The Bar Council of the Bar Association of Guyana said it welcomes the decision of acting Chief Justice (CJ) Roxane George-Wiltshire in the matter of Mohabir Anil Nandlall v The Minister of Legal Affairs, Action No. 2017-HC-DEM-CIV-FDA-1874 compelling the implementation of the Judicial Review Act.
The Bar Council notes that the implementation of the Act fills a lacuna in the new Civil Procedure Rules (CPR) 2016, which contains procedure contemplating remedies under the Act.
According to the Association, “In the absence of this Act, litigation in this vital area of the law has been stymied and fraught with a number of procedural hurdles some of which were laid bare in the recent CCJ’s ruling in the case of The Medical Council of Guyana v Jose OcampoTrueba, CCJ Appeal No. 2018/001, where the Honourable Court declared that prerogative remedies were no longer available in Guyana.”
The Bar Council said it raised the matter of “urgently” implementing the Act with incumbent Attorney General Basil Williams on multiple occasions since it is of “vital importance to good public administration in a democratic society, allowing citizens ample remedies against the State and leveling the playing field.”
In December of 2017, the CJ had granted an Order Rule Nisi of Mandamus, directing the Williams to show cause why the said Order Nisi should not be made absolute.
After reviewing all the affidavits filed by both sides and legal arguments, Justice George-Wiltshire on Monday last made the Order Rule Nisi absolute and directed the Legal Affairs Minister to bring the Judicial Review Act into force.
Williams, via a release from his Ministry, has since indicated that he might appeal the High Court ruling compelling him to enforce the Judicial Review Act by July 31, 2018.
According to Williams the ruling was ‘premature’ and among other things “The decision of the Court raises some important questions regarding governance and the separation of powers between the executive arm of the government and the judiciary. First, can the judiciary govern? Second, can the Judiciary order the Government to create law? Third, can the Judiciary direct the current Government to implement an Act that the PPP-C government deliberately failed to implement during its time in office.”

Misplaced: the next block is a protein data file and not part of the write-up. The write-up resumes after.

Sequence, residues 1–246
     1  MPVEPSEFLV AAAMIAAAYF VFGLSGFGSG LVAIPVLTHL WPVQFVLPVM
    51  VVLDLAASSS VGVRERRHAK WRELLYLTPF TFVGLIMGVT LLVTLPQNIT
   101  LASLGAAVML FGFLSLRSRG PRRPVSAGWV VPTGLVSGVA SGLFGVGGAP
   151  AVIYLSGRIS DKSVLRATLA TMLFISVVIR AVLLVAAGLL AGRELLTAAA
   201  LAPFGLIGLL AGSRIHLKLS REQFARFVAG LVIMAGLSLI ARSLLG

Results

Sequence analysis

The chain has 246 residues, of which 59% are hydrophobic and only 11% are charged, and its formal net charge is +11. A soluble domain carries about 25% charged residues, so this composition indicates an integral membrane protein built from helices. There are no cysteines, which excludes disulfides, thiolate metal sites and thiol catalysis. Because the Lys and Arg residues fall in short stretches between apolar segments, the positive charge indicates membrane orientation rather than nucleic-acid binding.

Attorney-at-law and former Attorney (AG) Anil Nandlall, had moved to the court to determine; whether the Minister had discretion to bring into force the Judicial Review Act (JRA) after the promulgation of Civil Procedure Rules; whether the Minister had a duty to issue the order to bring into force the JRA; whether the Court can compel the Minister to fulfill his duty.
In addressing the first issue, the Chief Justice examined the relationship between the JRA and the Civil Procedure Rules (CPR) and noted that the CPR expressly mentioned that the JRA contained the procedures by which remedies can be accessed under the Act.
The acting CJ also took into consideration the Hansard, which evidenced the fact that the JRA was unanimously passed. Its importance was endorsed by both the Applicant and the Respondent in the House. It was also recognised in the debates that the Act will come into force with the CPR.
Having outlined the importance of the JRA the Court considered the time frame which would have been reasonable for the Minister to exercise any discretion he had. Williams had claimed that the Presidential Legislative Agenda did not take into consideration the enforcement of the JRA.
The Court rejected this argument and concluded that the CPR was promulgated since 2017, and that the present Government was in power over 3 years now and yet failed to bring the Act into force, notwithstanding, that the Respondent was called upon, in writing to do so, by both the Applicant and the Guyana Bar Association.
The Court accepted the Nandlall’s submission that when the CPR came into force, the discretion which the AG had to bring the Act into force was transformed into an obligatory duty and Williams’ failed to discharge this duty.
Moreover, the Chief Justice also considered the AG’s submission that the Court would be breaching the separation of powers doctrine if it were to mingle in the affairs of the legislative and executive.
However, the Court made it clear that the JRA had been assented to already which meant it had passed the stage of the legislative arm. Further, that in a situation where the Minister failed to perform his duty, the Court is empowered to compel the said Minister to perform his duty.
The Bar Council in a statement on Thursday said it looks forward to the speedy implementation of the Act.